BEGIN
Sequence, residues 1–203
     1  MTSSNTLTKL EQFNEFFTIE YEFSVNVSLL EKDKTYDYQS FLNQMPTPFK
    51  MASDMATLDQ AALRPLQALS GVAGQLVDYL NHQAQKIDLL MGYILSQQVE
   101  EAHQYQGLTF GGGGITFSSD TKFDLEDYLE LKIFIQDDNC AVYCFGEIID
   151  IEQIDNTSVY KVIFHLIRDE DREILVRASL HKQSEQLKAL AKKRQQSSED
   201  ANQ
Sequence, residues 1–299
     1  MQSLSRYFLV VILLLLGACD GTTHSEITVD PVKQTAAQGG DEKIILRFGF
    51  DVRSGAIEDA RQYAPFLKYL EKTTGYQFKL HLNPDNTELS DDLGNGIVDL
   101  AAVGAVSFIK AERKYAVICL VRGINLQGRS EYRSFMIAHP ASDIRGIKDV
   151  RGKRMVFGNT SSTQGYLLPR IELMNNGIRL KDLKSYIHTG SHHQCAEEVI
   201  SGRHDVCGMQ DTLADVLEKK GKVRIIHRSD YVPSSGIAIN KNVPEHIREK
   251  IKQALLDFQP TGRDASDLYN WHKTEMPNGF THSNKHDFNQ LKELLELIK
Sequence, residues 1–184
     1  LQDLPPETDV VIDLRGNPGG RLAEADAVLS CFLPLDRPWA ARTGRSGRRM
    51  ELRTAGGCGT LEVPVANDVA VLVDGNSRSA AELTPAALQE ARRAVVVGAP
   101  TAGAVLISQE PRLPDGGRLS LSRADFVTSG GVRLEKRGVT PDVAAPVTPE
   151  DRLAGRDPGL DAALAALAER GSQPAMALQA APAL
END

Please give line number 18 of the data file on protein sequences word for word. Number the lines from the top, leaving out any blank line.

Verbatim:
   151  DRLAGRDPGL DAALAALAER GSQPAMALQA APAL